Blundstones are far cheaper than RM Williams and are (by their own admission) in a much lower quality grade. RM Williams are the standard boot for a male who wishes to look smart (often with a suit) but doesn’t want to call undue attention to his sartorial choices. Blundstones are, but contrast, the boots that you actually do the gardening in.

Michael (an Australian)

Peter Hall

Haha. I will tell my son that when I need the lawn cutting. They are currently so trendy in university culture in the uk.

The power of advertising .

Sir Cumference

Would be very interresting to see how (adjusted for inflation) the cost of these boots have evolved compared to shoes that are similar in terms of build quality, materials etc. My guess iss that the RM-curve beats the index in a bad way. In so many words thats what my cobbler says, at least. He says they’d be great value @ GBP 250 and a lot less so @400.


I’m not so sure as British boot prices have risen dramatically over the last two to three years. For example, my estimate is that Crockett & Jones’s are up by at least a quarter and Tricker’s boots by 40% or more. That was before inflation went up to over 10% so more rises are likely this year. With salaries falling in real terms, prices must be close to the maximum that even loyal customers are willing to pay. £400 is my limit for those brands which I bought for over 30 years. I’ll continue to take advantage of Black Friday promotions and seasonal sale offers.

Lachie M

When I was much younger, the price difference between RM Williams and Blundstone (another Australian boot but a bit more workwear) was quite small. Now RMW cost three times as much. In part this is because RM Williams have marketed well, but it is also because Blundstone shifted all manufacturing to Asia.


For historical context, I believe RM (that is, Reginald Murray Williams, the actual original founder) intended the boots to cost one week’s wages. We can ask who the original intended market was for determining the intended price then, compared to now, but I wonder how that’s tracked over time too.


Thanks Simon for the review. Years ago I spotted someone on a plane wearing a completely thrashed pair of Craftsman boots. They looked like very comfortable (worn out) slipper boots. I’ve liked the boot ever since and I now have a pair in dark tan leather. However, I still have a long way to go in order to achieve the perfect destroyed patina. Requires much patience.


Simon thats a great review considering that you arent the biggest fan of chelsea boots. I am looking for some nice chelsea boots for a long time since they are to me a great alternative to loafers cause they are both easy to put on and out. The rms are also not my style but i respect the brand and on some people they look great. What would you think of a japan made chelsea like this one ? https://urahara-store.com/en-de/products/rolling-dub-trio-stan-boot-oil-black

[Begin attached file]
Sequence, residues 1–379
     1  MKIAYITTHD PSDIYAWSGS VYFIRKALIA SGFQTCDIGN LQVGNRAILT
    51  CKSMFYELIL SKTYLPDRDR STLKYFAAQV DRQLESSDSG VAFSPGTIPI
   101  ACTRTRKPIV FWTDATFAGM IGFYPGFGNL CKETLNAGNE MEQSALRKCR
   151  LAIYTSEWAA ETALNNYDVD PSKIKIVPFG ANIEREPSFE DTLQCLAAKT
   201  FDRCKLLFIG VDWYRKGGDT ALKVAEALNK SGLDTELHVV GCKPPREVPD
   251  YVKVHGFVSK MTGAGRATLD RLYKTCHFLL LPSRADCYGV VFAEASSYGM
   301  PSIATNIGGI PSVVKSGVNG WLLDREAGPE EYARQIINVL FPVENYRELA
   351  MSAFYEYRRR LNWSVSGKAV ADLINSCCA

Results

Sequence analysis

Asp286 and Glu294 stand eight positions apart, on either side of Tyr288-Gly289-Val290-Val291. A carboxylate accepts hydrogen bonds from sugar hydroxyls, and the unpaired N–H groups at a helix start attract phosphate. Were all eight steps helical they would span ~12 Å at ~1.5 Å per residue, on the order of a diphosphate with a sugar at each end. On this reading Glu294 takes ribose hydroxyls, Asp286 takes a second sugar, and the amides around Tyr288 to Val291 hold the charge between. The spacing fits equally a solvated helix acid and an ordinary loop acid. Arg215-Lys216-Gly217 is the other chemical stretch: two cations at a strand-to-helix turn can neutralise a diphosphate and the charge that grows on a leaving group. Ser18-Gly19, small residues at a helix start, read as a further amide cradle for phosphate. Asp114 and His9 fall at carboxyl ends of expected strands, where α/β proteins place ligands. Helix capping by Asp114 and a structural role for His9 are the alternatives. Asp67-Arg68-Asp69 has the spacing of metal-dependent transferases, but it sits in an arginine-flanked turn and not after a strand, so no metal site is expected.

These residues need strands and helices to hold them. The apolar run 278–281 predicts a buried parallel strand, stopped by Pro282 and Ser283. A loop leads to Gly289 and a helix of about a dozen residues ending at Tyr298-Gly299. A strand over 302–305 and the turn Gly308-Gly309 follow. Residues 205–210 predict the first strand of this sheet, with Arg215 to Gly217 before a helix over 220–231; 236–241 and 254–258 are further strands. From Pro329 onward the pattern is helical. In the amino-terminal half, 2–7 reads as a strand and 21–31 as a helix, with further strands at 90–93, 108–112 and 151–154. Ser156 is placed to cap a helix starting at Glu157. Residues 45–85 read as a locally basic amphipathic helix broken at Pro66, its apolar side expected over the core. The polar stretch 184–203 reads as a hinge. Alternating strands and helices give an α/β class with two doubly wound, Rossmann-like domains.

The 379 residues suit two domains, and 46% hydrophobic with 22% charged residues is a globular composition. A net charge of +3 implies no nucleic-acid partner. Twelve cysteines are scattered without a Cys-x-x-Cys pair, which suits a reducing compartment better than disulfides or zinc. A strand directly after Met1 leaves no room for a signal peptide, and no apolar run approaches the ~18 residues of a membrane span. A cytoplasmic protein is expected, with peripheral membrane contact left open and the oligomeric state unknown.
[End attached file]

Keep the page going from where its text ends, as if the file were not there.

Sure a very different style but they look very well made.


I tried some months ago another model of them from a friend but they were sadly 3 size biger than my size so i cant tell about how they fit but the quality was for sure on the crocket&jones leaque( i have the pembroke for 2 years) if not better. On the original page they seem to age good, if someone likes the worn out look


You mention that the rubber soles are thick and cumbersome, can I ask how do these compare to the classic Dainite studded soles?

Peter Hall

I’ve never really understood the preference for Dainite – apart from looking quite classy. I’ve always had to have them replaced due to uneven wear and they seem,to me,to wear out quite quickly.


It’s rarely a preference and more like a compromise people are willing to make, at least that’s the impression I’ve had following discussions on this topic. I definitely prefer City sole on dressier shoes but a lot of manufacturers don’t offer it as a custom option. I hope this changes with growing demand.

Here in the north it’s basically mandatory to put gravel on pavement for 1/3 of a year and wet leather soles don’t mix too well with sharp gravel. Fact I discovered during one night out in town by nearly destroying my brand new JR soled oxfords.


Nice to see a review of a more entry level product here. I’d recommend Carmina for folks looking for a more elongated last and slightly higher quality calfskin. During their January and July sales, they can be had for around the same price as RM Williams—in the US market.


Bought a pair of r m Williams a few years back, and I was utterly disappointed. The sole didn’t last more than 3 months, the leather quality was quite poor and the boot lost its shape significantly.